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When something is as important as brake fluid, the more you know, the better. That’s why we’ve collected the answers to commonly asked questions on this topic and posted here for your convenience, and safety!
A: It’s a hydraulic fluid that transfers force from the brake pedal to the braking components for all four wheels of your car. The pressure is essential for slowing and stopping the vehicle when the brakes are applied. It also lubricates the moving parts of the braking system and absorbs any moisture that gets into the brake hydraulic system.
A: Brake fluid leaks are often caused by a worn seal in the master cylinder, caliper, or wheel cylinder. If you suspect your car is leaking brake fluid, call a tow truck to take your vehicle to a service provider for a brake fluid inspection. Brake fluid leaks can lead to total brake system failure.
A: Typically, water can enter through leaks in your rubber brake lines or worn seals in the master cylinder, calipers, or wheel cylinders.
A: Brake fluids are classified by the US Department of Transportation (DOT). There are two main types:
The main difference between these fluids are the additives that enhance their boiling point, corrosion/rust resistance, or general wear. Some additives act as neutralizers or pH balancers.
A: Follow your vehicle manufacturer’s recommendation for the proper fluid type for your specific vehicle. You can find this information by checking the owner’s manual or by looking on the master cylinder reservoir cap. If you can’t locate the manufacturer’s recommendation, a Jiffy Lube® technician can access this information for you.
A: Brake fluid is typically clear or may be dyed to have a slight orange, blue or green tint. If the fluid appears dark or murky, you should probably have it checked by a professional.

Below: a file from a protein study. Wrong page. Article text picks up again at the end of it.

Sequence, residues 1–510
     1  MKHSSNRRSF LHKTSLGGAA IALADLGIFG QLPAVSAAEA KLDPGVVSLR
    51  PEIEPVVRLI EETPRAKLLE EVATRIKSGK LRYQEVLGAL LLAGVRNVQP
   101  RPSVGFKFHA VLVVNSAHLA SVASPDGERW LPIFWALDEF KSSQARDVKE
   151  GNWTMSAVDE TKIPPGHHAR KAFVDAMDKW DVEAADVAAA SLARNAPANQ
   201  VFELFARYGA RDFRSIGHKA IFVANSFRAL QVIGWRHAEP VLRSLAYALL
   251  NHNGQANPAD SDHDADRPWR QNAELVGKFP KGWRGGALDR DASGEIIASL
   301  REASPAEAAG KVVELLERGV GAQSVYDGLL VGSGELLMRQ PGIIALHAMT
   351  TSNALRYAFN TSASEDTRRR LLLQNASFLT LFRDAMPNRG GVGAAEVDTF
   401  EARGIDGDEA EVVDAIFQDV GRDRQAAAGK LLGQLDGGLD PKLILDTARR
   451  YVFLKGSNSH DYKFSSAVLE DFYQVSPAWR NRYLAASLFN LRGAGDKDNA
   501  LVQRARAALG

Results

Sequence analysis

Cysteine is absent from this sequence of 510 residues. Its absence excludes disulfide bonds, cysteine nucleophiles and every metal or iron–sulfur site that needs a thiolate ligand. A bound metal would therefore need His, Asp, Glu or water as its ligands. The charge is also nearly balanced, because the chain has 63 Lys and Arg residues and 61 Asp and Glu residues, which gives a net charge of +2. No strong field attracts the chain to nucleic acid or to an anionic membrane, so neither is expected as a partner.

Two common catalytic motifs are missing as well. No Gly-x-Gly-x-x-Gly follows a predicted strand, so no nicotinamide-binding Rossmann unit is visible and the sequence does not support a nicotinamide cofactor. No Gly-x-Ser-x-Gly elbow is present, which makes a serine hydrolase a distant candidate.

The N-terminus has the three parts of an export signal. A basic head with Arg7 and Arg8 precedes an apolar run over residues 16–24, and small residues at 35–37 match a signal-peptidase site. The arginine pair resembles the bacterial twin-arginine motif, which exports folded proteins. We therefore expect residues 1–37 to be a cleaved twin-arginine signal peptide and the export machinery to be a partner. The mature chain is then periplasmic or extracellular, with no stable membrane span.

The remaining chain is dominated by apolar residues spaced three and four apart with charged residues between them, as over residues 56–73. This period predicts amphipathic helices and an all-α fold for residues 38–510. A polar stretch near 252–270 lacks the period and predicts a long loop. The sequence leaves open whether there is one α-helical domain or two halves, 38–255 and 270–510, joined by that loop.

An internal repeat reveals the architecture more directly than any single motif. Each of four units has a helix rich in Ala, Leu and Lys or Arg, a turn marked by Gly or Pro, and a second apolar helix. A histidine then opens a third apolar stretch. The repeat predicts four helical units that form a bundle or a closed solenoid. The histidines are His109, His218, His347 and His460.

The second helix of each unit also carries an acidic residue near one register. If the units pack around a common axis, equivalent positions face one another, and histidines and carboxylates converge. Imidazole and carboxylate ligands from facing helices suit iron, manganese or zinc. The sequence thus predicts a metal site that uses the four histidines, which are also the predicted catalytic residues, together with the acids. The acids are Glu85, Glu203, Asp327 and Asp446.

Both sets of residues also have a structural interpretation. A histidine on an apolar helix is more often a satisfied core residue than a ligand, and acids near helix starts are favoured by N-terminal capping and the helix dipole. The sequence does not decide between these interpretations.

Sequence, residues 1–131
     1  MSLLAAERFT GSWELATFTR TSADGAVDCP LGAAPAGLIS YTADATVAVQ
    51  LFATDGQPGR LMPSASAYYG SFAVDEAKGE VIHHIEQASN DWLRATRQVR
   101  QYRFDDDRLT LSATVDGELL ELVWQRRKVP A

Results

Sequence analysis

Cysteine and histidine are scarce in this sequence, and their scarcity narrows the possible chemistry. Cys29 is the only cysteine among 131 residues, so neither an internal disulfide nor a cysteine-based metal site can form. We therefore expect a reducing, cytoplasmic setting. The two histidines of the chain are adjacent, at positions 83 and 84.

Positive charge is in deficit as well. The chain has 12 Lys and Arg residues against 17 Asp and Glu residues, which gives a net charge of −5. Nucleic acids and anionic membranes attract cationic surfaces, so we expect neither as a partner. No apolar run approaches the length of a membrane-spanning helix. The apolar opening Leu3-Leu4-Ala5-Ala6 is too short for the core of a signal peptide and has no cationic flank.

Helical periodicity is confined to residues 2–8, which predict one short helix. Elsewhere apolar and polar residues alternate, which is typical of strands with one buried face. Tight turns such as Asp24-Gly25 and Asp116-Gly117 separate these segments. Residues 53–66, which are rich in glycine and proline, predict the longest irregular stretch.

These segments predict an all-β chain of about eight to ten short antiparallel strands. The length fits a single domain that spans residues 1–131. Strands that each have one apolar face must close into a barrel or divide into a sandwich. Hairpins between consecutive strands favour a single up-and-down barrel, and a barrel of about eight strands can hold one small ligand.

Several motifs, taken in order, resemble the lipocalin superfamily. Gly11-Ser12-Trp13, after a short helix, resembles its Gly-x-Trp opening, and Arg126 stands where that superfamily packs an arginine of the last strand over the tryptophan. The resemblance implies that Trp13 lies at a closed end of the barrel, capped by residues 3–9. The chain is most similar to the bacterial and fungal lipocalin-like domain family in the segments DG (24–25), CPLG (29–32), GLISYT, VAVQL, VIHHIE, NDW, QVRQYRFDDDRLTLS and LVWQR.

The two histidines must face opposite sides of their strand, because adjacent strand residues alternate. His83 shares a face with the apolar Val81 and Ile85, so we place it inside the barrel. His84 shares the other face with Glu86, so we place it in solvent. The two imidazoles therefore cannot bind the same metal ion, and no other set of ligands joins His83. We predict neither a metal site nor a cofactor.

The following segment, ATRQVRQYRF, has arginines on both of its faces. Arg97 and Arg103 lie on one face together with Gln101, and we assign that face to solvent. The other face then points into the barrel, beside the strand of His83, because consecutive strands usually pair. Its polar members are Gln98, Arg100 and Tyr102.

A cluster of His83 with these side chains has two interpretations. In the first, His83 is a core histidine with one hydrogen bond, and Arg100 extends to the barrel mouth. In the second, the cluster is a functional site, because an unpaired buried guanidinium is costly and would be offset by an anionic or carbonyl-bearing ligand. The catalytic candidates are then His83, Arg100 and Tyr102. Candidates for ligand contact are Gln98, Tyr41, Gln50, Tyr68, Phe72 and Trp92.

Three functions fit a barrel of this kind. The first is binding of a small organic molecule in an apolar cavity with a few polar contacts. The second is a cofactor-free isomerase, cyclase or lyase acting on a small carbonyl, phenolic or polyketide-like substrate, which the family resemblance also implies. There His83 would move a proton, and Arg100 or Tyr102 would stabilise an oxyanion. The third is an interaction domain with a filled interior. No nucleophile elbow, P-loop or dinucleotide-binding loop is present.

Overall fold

A: If you’re a DIYer, here’s how to do it. But before we begin, please remember that brake fluid is toxic and should be handled with care.
You can also bring your car to Jiffy Lube®, where a trained technician will check the fluid as part of a brake fluid inspection. With more than 2,000 locations across the country, there is a service center near you.
A: Jiffy Lube® technicians are trained in maintaining your brake system.
A: Some manufacturers recommend that brake fluid be replaced every two years or 30,000 miles. Others recommend three years or 45,000 miles. And some manufacturers make no recommendations at all! If you can’t find the manufacturer recommendation for your specific vehicle, ask a trained Jiffy Lube® technician.
A: Six things to watch out for:
A: The relationship between the fluid, the hydraulic braking system, and vehicle motion is an example of Pascal’s law. This principle states that when a fluid experiences any type of pressure change in an enclosed space, the pressure is transmitted equally in all directions.
Let’s illustrate this by explaining how the system would work as a driver approaches a red light:
Now you know what’s up if your car is leaking brake fluid, but what if you spot a puddle of transmission fluid? Find out what to do here.
Please note: Not all services are offered at each Jiffy Lube® location. Please check with your local Jiffy Lube® service center or visit jiffylube.com for specific services offered.